By Our Man in Oz
Some people might think it insulting to describe the Kambalda nickel assets of Mincor Resources as “The Magic Pudding” of mining, but that’s because they don’t know the Australian children’s story about a magic pudding which always re-forms after every spoonful and can be eaten again and again.
Kambalda orebodies obviously can’t be re-mined but the region is certainly amenable to fresh discoveries, which is a way of “re-forming” and a trick performed consistently since nickel was discovered there almost 50 years ago. And Mincor has just done it again.
The latest news from Kambalda is not about a single new discovery it’s about three new discoveries which could lead to Mincor soon becoming the operator of five mines in the region, a dramatic expansion on the two currently in production.
Discovery news, plus steady profit and dividend flows, has re-kindled interest in Mincor at a time when small-to-medium miners are being discounted by investors. Even before this latest news, Mincor has one or two things going for it – cash in the hand today and the near certainty of growth tomorrow.
More about cash later because the most important recent developments at Mincor are geological. They are discoveries which have caused the company to accelerate an already busy drilling programme to the point where there are six rigs operating, three on the surface and three underground.
Nickel-rich structures called Cassini, Voyce and Durkin North are the latest additions to Mincor’s inventory at Kambalda, with all having the potential for development as mines. IN addition, a fourth discovery called Burnett is expected to extend the life of the Miitel mine.
For David Moore, Mincor’s long-term chief executive, the discovery news means the potential for organic growth rather than a need to deploy the company’s cash on acquisitions.
“Our intention is to drill aggressively for the remainder of the financial year [to June 30], with a view to finalising resource numbers in the first quarter of financial 2016 and, if warranted completing initial feasibility studies on up to three potential new mines by about the end of this calendar year”, he says.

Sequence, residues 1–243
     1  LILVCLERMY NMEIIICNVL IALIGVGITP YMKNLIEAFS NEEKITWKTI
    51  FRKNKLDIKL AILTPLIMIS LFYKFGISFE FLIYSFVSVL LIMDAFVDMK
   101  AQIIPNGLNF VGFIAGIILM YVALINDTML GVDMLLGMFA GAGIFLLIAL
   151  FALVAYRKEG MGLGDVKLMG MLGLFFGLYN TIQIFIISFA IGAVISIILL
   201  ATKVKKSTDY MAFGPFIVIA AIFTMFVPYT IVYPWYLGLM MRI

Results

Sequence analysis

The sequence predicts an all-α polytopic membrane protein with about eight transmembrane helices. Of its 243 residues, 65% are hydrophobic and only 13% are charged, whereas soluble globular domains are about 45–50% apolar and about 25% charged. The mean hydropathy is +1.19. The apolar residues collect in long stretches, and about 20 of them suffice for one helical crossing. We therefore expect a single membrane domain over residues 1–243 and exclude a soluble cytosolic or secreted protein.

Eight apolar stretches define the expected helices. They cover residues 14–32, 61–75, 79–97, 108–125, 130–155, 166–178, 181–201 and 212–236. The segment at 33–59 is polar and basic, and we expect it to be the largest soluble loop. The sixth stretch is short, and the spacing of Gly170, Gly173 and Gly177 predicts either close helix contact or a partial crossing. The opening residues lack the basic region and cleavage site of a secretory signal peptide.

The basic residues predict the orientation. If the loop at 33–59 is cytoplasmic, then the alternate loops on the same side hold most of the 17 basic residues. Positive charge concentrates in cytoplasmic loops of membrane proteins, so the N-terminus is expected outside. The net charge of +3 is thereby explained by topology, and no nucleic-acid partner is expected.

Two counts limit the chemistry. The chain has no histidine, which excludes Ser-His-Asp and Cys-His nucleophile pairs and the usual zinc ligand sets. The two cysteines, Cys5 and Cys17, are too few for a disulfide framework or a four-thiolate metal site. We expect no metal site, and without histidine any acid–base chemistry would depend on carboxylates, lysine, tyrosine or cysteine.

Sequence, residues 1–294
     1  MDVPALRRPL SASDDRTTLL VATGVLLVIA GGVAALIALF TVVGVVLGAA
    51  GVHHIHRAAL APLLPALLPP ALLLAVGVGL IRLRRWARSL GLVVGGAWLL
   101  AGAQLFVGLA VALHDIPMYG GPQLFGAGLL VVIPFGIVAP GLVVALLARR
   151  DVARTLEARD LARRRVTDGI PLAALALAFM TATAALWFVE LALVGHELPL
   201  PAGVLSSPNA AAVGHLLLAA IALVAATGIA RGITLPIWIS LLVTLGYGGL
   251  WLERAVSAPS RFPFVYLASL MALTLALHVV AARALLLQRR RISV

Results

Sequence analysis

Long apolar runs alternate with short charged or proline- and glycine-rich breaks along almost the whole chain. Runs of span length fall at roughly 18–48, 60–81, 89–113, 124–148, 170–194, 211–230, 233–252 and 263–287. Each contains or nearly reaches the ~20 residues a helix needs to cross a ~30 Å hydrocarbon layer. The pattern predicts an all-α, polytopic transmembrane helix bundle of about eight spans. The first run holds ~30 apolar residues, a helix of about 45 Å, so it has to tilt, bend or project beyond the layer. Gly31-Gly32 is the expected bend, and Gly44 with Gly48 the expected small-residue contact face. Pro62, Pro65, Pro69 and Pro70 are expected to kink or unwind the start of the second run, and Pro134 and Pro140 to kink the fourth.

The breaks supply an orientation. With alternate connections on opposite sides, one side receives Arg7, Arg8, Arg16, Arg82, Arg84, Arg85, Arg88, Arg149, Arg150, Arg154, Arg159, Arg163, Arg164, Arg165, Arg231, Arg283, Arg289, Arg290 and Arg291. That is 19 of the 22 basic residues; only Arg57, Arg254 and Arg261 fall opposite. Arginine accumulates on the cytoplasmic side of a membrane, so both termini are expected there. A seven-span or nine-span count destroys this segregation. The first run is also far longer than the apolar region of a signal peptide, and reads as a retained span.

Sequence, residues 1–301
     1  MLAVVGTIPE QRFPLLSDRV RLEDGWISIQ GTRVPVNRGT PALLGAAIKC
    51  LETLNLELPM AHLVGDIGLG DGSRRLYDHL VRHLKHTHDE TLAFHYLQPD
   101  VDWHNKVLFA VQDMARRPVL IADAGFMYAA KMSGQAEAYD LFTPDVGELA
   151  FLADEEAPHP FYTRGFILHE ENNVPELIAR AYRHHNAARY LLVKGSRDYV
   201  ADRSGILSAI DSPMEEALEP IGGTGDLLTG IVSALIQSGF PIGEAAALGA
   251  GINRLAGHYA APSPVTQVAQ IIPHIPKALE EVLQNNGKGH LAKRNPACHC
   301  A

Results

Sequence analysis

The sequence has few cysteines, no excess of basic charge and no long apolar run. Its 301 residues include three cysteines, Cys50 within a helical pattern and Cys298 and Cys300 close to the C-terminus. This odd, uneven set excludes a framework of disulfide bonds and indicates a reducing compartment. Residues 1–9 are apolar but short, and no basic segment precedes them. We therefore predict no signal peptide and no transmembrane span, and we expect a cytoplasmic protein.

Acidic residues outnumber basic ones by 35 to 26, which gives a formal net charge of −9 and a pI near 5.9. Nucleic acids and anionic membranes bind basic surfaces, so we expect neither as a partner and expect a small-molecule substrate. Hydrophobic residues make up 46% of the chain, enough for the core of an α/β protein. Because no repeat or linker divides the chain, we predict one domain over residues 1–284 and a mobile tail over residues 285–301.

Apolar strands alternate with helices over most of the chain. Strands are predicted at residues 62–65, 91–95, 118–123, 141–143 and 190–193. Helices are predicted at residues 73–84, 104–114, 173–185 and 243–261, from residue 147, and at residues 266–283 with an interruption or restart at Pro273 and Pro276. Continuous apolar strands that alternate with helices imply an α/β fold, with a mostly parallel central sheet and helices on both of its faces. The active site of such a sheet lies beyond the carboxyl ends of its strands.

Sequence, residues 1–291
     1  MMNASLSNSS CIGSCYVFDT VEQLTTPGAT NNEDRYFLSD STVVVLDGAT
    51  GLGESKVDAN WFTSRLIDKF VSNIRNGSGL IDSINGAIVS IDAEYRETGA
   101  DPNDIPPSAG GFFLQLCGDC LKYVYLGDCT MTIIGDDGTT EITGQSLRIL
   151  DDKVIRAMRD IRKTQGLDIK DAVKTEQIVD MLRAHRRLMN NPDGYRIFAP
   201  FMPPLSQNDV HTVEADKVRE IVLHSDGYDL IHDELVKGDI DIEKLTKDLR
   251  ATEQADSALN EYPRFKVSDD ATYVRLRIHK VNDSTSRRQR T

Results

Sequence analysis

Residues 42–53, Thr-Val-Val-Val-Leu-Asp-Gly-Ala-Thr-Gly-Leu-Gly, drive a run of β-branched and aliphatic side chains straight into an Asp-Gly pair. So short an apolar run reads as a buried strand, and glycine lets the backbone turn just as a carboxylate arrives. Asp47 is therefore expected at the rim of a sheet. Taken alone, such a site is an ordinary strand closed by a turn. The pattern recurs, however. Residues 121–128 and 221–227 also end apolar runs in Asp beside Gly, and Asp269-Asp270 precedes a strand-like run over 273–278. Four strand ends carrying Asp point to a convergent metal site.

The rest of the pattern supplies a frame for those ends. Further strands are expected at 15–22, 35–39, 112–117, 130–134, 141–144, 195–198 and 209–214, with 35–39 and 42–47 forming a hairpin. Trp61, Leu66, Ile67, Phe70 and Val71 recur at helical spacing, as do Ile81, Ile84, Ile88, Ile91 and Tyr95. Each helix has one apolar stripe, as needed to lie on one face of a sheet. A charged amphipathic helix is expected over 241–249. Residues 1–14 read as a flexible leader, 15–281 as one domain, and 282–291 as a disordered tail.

There are number of reasons underpinning David’s optimism. The most important is that Kambalda orebodies are invariably high grade, such is the nature of mineralised “komatiite” structures, lava flows from ancient volcanoes active in the region some 2.7 billion years ago.
Not only can the structures flow for tens, if not hundreds of kilometres, but once detected they can be tracked, though the twin keys to a komatiite are first to find it and to then follow the sometimes erratic trail of the lava flow while looking for the richest pools of deposited mineralisation.
At Burnett, which is a northerly extension of the Miitel mine, Mincor has reported drill hits of up to 3.62% nickel over a 10.97 metre intersection. It is a mine-extending discovery.
Durkin North is a new discovery with a best recent drill hit of 4.81% cent nickel over 6.73 metres and which has been pencilled in as Mincor’s third mine.
Voyce, which is described as an emerging high-grade discovery, has revealed thick pods of ore-grade material including five metres at 6.13 per cent nickel and 7.62 metres at 7.72 per cent. It could become the company’s fourth mine.